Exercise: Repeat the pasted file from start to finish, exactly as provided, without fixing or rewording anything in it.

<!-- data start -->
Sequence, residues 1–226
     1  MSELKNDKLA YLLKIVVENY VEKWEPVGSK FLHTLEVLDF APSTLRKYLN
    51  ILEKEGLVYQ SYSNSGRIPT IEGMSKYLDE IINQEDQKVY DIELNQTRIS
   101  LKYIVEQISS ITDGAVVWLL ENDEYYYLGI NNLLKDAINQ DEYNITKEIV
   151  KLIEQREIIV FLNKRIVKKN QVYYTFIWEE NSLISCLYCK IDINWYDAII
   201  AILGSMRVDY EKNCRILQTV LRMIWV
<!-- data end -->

Sequence, residues 1–226
     1  MSELKNDKLA YLLKIVVENY VEKWEPVGSK FLHTLEVLDF APSTLRKYLN
    51  ILEKEGLVYQ SYSNSGRIPT IEGMSKYLDE IINQEDQKVY DIELNQTRIS
   101  LKYIVEQISS ITDGAVVWLL ENDEYYYLGI NNLLKDAINQ DEYNITKEIV
   151  KLIEQREIIV FLNKRIVKKN QVYYTFIWEE NSLISCLYCK IDINWYDAII
   201  AILGSMRVDY EKNCRILQTV LRMIWV